Message from the Chair

Dear Members and Friends,

As I sit writing this over Easter, the world is in the grip of the coronavirus COVID-19 pandemic. I hope you and your families are keeping well and that you are getting used to the social and commercial lock-down that is currently in place. Like many of you, I’ve been working from home since mid-March and coming to terms with only seeing work colleagues, friends and family online. Thankfully we live in an age of remarkable communications technology enabling us to maintain instant contact across the globe from our living rooms. One can only imagine what the men and women of the BSF would have given for anything approaching this level of modern comms.

Now that the lock-down and consequences of COVID-19 appear to inevitably stretch into the future, I want, on behalf of the Committee to update you on how this situation affects the SCS. Firstly, we are fast approaching the time when the first New Mosquito of the year puts in an appearance. Well, the new edition is in hand and just receiving its final edit before going off to the printers. Although the printers are still at work there is likely to be some delay in the production and distribution of the NM so, the journal is on its way but, much like home leave from Salonika, we can’t say for certain when it will be available! If the delay looks to be extensive we may take the decision to make the NM available as a pdf, sending on the paper copy when printed.

In terms of the planned September battlefield tour and the AGM on Saturday 3 October, we still plan to run these events. However, there are many variables involved, particularly with regard to the tour, and everything will depend on domestic and international travel arrangements and whether restrictions on social gatherings have been lifted. Therefore, we will not be issuing a paper copy of the AGM booking form this year but instead will send a copy to members via email or post if we get the green light. So, please keep the date in your diary and your fingers crossed that we will get to hear Jen Gash’s talk ‘In the Footsteps of Stanley Spencer’, regarding her visit to the Salonika battlefields in 2018 and commission to produce a painting for the Imperial War Museum. Likewise the tour. We already have interest from enough people to make trip viable so, if interested, please let me know. I will update members of the tour party individually and general updates will appear on the SCS website and on the Salonika 1915-1918 Facebook page. Rest assured, if we don’t go this year, we plan to be following the same itinerary in 2021.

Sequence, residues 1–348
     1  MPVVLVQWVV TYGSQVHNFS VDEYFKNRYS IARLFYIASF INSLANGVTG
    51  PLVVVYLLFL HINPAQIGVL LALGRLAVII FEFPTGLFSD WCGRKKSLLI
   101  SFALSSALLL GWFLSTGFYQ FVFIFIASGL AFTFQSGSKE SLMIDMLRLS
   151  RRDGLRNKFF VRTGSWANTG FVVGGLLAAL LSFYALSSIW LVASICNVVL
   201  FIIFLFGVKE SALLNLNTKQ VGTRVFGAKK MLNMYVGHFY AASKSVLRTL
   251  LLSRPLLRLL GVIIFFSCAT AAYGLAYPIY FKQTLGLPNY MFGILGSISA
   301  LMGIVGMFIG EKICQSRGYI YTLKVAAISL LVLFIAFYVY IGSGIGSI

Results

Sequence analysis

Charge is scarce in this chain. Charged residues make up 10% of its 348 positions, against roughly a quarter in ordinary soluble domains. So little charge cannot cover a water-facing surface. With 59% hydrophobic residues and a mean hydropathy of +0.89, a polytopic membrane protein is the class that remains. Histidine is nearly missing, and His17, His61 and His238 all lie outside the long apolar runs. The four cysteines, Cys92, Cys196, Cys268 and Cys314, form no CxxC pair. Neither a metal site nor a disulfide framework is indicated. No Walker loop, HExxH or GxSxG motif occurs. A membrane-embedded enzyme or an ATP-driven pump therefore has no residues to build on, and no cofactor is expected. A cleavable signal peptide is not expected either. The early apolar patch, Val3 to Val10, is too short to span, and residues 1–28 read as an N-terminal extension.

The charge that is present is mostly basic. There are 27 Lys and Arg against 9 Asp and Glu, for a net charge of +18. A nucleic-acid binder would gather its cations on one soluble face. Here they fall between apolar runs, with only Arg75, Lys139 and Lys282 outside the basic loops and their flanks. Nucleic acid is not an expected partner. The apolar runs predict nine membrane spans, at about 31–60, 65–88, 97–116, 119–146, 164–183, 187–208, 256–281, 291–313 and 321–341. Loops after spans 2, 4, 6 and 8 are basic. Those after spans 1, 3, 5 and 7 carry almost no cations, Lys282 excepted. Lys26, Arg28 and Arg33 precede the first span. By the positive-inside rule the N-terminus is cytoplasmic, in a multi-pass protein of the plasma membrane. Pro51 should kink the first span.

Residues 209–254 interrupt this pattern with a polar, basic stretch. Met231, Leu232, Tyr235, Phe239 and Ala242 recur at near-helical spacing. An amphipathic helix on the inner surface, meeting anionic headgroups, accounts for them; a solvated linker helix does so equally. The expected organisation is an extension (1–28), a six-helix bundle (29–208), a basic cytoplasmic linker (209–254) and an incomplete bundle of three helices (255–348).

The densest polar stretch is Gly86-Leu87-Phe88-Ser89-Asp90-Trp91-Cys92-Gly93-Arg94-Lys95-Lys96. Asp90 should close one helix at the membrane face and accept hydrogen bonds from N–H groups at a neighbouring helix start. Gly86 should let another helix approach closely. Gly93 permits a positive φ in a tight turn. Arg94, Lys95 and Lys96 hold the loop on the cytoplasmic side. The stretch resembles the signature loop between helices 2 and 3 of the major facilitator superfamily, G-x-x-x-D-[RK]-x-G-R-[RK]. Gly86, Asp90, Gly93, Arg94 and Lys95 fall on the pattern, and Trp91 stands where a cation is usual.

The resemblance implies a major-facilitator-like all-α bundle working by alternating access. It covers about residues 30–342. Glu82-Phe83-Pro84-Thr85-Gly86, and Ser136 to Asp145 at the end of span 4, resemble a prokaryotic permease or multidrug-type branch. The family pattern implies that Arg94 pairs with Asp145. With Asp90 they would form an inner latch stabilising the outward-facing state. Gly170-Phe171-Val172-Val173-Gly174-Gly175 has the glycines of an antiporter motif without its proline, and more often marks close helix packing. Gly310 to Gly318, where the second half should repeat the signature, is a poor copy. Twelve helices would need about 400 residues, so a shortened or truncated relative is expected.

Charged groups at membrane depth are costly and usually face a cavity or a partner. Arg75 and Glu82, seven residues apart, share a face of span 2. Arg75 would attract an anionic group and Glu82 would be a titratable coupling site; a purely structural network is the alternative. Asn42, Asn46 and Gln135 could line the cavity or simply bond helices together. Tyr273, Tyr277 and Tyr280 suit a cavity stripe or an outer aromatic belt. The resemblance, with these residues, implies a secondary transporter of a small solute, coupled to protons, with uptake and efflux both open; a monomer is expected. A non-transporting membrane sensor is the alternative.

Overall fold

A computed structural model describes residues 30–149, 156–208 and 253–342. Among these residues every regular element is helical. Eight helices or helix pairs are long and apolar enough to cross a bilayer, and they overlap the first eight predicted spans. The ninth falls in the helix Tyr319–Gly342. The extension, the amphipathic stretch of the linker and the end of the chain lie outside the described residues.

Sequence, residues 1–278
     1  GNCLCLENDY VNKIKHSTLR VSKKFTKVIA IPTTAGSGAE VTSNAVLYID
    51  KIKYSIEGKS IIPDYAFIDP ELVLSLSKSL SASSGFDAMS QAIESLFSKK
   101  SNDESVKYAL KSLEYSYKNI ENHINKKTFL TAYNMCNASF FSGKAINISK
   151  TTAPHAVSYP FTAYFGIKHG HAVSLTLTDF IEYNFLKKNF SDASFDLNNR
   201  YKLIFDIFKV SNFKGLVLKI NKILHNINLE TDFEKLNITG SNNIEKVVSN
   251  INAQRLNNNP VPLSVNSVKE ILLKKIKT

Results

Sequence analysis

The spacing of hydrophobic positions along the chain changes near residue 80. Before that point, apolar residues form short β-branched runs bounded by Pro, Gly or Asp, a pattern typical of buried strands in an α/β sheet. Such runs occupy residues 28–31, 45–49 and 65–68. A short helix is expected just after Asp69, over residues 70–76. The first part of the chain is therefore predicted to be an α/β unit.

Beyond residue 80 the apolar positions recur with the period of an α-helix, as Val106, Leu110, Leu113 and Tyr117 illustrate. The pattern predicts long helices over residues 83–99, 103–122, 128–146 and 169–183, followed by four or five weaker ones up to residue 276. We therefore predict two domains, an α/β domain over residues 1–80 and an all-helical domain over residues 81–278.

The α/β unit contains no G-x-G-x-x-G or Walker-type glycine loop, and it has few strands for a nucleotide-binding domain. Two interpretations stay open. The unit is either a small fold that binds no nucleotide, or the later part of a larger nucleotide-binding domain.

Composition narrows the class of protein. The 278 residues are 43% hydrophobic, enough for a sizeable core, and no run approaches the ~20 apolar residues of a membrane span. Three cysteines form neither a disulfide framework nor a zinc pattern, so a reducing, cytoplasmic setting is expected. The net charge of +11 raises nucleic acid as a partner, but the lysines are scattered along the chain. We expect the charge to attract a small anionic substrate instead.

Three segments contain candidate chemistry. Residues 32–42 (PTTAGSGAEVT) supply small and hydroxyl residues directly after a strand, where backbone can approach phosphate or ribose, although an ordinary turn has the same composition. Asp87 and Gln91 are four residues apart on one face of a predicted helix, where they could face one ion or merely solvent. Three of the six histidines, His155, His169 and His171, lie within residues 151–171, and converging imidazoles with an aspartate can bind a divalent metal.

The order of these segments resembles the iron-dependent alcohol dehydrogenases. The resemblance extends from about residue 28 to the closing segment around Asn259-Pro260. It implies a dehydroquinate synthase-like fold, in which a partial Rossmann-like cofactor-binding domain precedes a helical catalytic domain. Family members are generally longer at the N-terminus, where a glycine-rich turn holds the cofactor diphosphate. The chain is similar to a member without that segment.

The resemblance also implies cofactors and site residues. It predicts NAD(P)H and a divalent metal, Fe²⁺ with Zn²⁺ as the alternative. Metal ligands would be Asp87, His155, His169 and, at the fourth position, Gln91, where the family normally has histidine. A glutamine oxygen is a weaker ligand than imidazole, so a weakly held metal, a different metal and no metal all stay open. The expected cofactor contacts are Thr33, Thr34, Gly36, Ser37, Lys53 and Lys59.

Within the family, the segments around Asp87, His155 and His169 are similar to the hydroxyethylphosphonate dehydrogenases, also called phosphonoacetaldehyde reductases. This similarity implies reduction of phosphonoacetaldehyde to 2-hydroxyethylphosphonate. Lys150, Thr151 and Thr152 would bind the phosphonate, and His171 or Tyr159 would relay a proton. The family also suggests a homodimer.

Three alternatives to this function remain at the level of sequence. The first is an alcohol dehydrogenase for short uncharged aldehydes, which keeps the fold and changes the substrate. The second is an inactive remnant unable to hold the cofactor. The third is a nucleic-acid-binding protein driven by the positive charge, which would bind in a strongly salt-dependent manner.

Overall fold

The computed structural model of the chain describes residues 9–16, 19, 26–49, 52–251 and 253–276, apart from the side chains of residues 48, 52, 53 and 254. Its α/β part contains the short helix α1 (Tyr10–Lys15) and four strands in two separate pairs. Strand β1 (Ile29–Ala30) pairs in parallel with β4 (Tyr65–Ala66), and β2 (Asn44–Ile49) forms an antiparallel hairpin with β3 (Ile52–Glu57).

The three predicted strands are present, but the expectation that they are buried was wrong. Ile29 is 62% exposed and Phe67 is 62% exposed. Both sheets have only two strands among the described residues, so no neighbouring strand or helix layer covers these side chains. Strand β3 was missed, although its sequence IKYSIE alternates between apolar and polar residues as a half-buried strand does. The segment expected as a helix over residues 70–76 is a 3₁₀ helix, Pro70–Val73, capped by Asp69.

For those of you with some time on your hands I hope you will take the opportunity to do that bit of Salonika Campaign research you’ve always been meaning to undertake but never had sufficient opportunity. Remember, our journal editor, Ian Cochrane, is always on the hunt for new material. To assist, I believe The National Archives are making all the First World War service records, which usually sit behind Ancestry and other pay walls, freely available online for the duration of the lock-down. Additionally, there is some great online content out there for us First World War history buffs, including an extensive series of audio podcasts and filmed lectures produced by the Western Front Association. These include some Salonika content with contributions by Stephen Sandford on 10th (Irish) Division and myself on the experiences of British troops during the campaign. Sadly, my podcast does sound like it was recorded at the bottom of a well but it’s the content that counts!

Badge of the Salonika Reunion Association (SRA)Finally, I’d like to ask for your help with a project. The year 2022 will mark the Centenary of the founding of the Salonika Reunion Association. To mark this, I would like the SCS to come up with an inventory of surviving SRA material; objects, paperwork, photographs and memorabilia, whether this be in private hands or in museums and archives. Likewise, it would be good to hear of anything that members know has been lost. Building up such a record, would I feel, be a valuable piece of work and a tribute to the veterans and their wonderful organisation.

In the meantime, keep checking the Society website and Salonika 1915-1918 Facebook page for updates. Stay safe and I look forward to seeing you again when the world returns to more normal times.

Best wishes

Alan Wakefield

Author: Andy Hutt

Andy's interest in the campaign comes from his grandfather, Arthur, who served in Salonika as a sapper with the Royal Engineers from 1916-1918. Opinions expressed in these posts are personal and do not necessarily reflect the views of the Society.

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